ok... everything up to now was suppose to kill radio... but nothing has... ads maybe bad but terrestrial radio is still here and sirius/xm is hanging on by a thread... predict that

  5. Jon Levy from Hype Circle, April 1, 2010 at 2:44 p.m.

    Great idea in theory. And I think that radio would be way better if it worked like that. But radio stations don't have the luxury of changing the rules for their advertisers. They often operate in highly competitive markets- dealing with a 100 year-old agency buying infrastructure that is not likely to embrace change.

    If one station (or even one conglomerate of stations like CBS etc.) tried it, no doubt the short term loss of business would be catastrophic.

    To bad, but then again, sometimes it takes a catastrophe to force great change.

  6. Mark Lewis from Lewis Media Solutions , April 1, 2010 at 2:44 p.m.

    The way you did business yesterday is certainly not how business should be done today and will not be how business is done tomorrow. Yes, radio has a problem right now. Poor creative messages often followed by unimaginative and predictable content. Radio will survive but the "game plan" requires change. The commercials need to be stories that provoke imagination. Never mind the tired "Sales Manager is in Las Vegas and we need to sell 40 vehicles this weekend". Is this really believable? I thought not. Radio is local and has a following. Strive to make local radio interesting and a medium local listeners can trust and rely on. Or if decreasing sales is what you'll nothing. Don't invest in your radio product and people. Just continue to conduct your radio business the way you did yesterday.

  7. Dawn Pepka from Entercom, April 1, 2010 at 2:46 p.m.

    Working in radio you may consider my opinion bias, however at KDFC in the Bay Area I work with a very talented and highly creative team which takes pride in the production effort for every client. Secondly, although I believe your article asks an interesting question, it lacks research, i.e. Dallas and you may want to review Jim Cramer's recent thoughts on radio at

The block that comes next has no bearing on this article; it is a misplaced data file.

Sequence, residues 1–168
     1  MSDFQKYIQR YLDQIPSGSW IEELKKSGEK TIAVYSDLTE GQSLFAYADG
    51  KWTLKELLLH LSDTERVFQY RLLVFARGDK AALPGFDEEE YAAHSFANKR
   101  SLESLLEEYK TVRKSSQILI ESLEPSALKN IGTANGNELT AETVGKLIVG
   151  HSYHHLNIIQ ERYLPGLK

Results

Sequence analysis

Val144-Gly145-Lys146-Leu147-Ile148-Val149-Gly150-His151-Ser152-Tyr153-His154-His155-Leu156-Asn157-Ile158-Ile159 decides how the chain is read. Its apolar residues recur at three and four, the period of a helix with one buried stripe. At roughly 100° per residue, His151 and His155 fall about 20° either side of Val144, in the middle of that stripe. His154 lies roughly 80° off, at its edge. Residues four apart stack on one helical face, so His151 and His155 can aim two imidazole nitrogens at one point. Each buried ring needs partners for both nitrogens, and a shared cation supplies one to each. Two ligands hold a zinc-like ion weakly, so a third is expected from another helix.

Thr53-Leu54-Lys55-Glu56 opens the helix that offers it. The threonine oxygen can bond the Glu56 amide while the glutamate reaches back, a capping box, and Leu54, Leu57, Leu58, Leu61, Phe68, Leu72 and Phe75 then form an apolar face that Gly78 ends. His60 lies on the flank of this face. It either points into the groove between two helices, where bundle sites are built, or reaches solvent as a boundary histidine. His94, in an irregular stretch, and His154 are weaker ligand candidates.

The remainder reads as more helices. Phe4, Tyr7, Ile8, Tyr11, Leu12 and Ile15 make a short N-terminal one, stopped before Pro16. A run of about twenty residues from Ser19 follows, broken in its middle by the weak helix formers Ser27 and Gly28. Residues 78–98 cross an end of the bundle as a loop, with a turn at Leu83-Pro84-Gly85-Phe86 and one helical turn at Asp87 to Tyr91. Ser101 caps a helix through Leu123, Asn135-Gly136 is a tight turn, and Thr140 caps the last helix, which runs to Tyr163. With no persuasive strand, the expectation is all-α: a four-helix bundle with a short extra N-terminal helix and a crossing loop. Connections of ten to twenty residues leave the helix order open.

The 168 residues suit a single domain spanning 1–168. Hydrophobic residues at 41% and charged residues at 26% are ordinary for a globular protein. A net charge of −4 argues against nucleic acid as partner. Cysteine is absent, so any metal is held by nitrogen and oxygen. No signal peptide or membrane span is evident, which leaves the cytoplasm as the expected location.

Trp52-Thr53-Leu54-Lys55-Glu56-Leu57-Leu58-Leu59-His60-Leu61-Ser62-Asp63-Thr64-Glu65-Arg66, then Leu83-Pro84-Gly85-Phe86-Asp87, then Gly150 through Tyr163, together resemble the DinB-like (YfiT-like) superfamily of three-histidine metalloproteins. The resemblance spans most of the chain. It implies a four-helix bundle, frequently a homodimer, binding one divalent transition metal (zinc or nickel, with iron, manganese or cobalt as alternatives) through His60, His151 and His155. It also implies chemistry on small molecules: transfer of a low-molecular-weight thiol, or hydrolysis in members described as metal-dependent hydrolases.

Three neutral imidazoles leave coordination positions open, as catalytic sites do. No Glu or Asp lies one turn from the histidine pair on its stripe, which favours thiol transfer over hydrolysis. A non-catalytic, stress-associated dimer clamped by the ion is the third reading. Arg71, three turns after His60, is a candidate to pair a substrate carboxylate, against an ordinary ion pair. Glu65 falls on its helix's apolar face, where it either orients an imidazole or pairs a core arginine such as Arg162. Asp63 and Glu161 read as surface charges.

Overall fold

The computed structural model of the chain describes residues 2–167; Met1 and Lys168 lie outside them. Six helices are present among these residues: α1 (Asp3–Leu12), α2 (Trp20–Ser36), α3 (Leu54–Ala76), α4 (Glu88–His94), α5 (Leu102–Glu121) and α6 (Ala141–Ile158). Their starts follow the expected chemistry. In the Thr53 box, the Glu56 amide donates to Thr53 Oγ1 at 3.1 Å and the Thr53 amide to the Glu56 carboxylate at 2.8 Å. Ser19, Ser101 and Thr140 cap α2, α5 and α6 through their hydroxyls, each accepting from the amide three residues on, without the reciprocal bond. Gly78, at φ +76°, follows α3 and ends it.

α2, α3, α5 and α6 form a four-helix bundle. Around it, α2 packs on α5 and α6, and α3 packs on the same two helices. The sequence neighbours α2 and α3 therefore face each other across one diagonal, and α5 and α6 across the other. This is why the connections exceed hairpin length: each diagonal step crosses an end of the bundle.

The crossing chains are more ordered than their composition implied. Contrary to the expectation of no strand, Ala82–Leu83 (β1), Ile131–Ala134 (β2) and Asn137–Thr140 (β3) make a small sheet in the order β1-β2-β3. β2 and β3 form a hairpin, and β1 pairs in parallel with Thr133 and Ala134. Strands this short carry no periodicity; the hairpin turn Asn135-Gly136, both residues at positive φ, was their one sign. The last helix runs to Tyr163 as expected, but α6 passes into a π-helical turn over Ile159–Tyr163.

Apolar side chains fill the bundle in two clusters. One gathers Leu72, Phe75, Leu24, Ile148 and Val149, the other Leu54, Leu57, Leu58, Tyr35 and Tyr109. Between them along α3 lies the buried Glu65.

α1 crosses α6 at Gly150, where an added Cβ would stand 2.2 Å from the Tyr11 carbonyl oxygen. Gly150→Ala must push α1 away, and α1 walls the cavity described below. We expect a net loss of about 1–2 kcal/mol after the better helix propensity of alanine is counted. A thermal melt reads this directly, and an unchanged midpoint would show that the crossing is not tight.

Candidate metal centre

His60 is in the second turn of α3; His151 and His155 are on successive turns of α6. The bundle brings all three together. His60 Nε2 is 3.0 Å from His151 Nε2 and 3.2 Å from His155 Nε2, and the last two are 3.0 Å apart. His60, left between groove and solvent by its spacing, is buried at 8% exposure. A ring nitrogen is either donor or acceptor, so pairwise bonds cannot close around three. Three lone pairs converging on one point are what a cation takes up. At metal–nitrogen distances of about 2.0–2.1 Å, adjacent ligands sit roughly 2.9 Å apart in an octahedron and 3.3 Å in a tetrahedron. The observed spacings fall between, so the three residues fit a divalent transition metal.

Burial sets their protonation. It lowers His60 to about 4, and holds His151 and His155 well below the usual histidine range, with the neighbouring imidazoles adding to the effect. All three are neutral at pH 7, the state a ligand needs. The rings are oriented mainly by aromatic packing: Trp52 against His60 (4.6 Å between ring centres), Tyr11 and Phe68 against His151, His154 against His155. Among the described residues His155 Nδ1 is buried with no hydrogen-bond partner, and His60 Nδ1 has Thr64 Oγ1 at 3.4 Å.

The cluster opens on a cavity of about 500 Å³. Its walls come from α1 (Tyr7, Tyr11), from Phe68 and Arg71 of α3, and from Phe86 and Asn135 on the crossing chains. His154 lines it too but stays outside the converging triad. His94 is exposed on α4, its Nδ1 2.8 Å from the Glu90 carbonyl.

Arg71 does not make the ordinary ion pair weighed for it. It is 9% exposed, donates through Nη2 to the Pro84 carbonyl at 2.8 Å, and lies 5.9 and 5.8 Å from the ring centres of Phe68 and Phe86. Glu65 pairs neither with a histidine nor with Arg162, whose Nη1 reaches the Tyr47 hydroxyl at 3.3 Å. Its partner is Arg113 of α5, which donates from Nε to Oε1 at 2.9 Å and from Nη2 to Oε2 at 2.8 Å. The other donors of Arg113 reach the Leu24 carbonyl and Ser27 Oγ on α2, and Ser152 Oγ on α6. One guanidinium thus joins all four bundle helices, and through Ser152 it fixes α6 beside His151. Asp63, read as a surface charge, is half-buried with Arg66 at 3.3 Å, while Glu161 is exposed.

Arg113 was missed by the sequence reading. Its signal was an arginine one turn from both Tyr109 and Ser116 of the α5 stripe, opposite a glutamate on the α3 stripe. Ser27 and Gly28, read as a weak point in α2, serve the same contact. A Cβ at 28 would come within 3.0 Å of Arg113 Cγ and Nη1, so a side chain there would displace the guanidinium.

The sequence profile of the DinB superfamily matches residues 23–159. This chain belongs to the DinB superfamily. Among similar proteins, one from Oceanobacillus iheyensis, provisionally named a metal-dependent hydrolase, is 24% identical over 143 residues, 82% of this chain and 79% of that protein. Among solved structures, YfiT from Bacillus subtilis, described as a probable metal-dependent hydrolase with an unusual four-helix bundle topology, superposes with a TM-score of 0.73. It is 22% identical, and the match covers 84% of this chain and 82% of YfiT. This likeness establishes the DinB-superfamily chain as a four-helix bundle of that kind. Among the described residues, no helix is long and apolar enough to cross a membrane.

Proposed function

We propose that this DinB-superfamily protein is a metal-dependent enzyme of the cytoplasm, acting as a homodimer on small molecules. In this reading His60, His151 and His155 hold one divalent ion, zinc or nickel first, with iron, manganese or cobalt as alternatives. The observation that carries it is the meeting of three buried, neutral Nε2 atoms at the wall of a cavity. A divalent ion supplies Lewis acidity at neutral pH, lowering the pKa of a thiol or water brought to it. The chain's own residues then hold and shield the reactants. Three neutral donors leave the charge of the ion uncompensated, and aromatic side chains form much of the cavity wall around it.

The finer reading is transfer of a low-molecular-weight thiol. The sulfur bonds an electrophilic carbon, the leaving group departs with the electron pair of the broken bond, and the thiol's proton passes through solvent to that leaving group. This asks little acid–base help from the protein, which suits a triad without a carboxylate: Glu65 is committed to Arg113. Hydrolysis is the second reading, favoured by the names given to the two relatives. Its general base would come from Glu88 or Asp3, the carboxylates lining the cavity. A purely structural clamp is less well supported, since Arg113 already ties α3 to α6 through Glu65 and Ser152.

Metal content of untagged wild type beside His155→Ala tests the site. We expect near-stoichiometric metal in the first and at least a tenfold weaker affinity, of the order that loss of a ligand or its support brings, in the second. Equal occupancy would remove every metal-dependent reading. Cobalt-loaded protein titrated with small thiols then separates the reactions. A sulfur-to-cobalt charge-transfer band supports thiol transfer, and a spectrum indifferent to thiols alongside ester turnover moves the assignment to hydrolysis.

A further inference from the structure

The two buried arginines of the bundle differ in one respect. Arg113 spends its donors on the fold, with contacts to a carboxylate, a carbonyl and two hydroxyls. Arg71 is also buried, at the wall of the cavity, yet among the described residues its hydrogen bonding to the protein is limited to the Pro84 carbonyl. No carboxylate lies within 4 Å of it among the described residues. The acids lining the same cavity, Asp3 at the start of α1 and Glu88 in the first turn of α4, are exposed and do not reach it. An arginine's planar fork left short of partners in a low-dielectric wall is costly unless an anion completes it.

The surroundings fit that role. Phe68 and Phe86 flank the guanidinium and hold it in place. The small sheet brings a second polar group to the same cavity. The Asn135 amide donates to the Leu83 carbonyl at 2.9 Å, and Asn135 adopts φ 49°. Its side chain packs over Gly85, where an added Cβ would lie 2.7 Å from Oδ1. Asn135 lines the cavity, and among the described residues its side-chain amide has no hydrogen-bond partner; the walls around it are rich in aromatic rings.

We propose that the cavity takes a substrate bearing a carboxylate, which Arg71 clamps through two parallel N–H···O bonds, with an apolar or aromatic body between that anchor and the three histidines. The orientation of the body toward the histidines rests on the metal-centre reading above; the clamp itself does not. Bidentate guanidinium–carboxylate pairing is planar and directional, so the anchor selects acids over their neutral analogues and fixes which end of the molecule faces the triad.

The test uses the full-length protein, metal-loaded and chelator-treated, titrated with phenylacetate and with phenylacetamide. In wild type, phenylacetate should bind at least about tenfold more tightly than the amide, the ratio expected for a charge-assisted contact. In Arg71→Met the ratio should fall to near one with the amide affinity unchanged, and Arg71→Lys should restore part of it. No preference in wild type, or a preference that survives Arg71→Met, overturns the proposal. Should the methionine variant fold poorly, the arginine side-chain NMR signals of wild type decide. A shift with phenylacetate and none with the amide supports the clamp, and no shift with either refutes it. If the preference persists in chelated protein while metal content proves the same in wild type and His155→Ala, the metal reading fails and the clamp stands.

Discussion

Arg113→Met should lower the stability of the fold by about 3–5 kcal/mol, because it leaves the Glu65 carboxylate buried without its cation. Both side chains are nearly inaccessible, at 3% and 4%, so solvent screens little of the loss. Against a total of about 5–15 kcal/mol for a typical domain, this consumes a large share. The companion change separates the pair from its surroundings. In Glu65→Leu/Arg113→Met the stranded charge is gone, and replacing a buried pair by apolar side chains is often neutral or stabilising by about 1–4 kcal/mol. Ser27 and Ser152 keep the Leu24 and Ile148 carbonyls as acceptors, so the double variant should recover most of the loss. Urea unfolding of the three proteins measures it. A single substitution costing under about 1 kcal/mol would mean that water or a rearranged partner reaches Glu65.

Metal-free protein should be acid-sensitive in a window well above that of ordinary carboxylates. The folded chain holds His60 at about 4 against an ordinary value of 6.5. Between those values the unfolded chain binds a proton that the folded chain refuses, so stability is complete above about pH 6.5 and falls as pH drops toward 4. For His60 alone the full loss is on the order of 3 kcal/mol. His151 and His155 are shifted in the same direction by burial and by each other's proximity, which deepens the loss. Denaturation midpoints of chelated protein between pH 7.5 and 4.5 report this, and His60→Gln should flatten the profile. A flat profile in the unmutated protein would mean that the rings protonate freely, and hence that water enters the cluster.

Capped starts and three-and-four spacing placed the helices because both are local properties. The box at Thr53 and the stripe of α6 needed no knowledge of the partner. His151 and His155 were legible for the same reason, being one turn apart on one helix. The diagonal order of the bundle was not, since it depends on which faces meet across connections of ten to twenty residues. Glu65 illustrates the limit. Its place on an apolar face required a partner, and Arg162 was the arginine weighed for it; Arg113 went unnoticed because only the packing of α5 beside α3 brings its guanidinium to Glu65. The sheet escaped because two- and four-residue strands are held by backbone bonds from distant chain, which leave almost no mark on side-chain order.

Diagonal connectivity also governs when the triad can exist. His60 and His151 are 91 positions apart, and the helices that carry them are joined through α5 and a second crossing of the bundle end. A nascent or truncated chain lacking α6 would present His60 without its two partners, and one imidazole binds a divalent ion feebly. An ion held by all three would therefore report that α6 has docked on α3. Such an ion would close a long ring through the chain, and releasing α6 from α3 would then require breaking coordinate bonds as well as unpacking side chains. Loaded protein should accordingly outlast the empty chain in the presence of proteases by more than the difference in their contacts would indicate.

8. Walter Sabo from HitViews, April 1, 2010 at 2:53 p.m.

    Good article because it is getting good response. You would be a good talk show host.

    Radio creative is no better or worse than 10-15! unit spot clusters on cable. Yes, 15 units on cable in a cluster, count em. And those local spots are horrible too.

    How about the graphics in most newspaper ads?
    And banners flashing that say they "You're the 1 millionth person..."

  9. Ari Rosenberg from Performance Pricing Holdings, LLC, April 1, 2010 at 2:53 p.m.

    Matthew, that's my point -- Sirius/XM should be selling exclusive daily sponsorships too! -- radio may linger but NO ONE is listening to the very ads being sold today.

    Why do you feel compelled to defend radio's current ad sales format when it is clearly bleeding consumer attention?

    Greg, that's interesting -- my bet is that they bailed too early on the right solution and ran back to what they knew best -- selling low cost advertising to poorly created ads -- no one wins in that scenario except those working there who hold onto their jobs a little longer...

  10. Joshua Chasin from VideoAmp, April 1, 2010 at 3 p.m.

    I also love music and hate radio.

    I'm not sure I draw the same conclusions abour radio's problems though.

    If you ask 100 radio people what the biggest benefit and selling point of radio is, I'd guess 95 of them would list localism in their top-3 responses.

    But radio has no localism at all. In fact they have boiled everything regionally distinct OUT of radio-- including using the exact same formats and (limited) playlists in every market, having the same generic on-air talent doing multiple markets at the same time, etc. The one thing I can tell you as a consumer is that radio sounds exactly the same no matter where in the US you listen to it. Sure, in NY and LA you'll hear more Spanish language; in the bible belt, more country. But while format distribution might vary by market type, across markets within format radio sounds exactly the same.

    Can anyone really point to something new and creative that happened in terrestrial radio content over the last 15 years? It's wall to wall junk food for the ear, the media equivilent of a burger in a box. By speaking to the lowest common denominator, radio now speaks to no one. Look at listening trends since 1990 for teens and 18-24 year-olds; young people just don't listen anymore. And if you don't listen to the radio by the time you're 24, lelt's not kid ourselves-- you never will. Like the newspaper, radio's audience is dying, and each year a new wave of babies is born who will never listen. Radio is a goo 20 years into this death spiral.

    Right now, I would suggest that terrestrial radio is a medium for old people and poor people to listen to in cars. Thanks to the Internet there's no reason to listen anywhere else, and the young and/or affluent know how to plug their iPods into the car stereo (or subscribe to satellite.)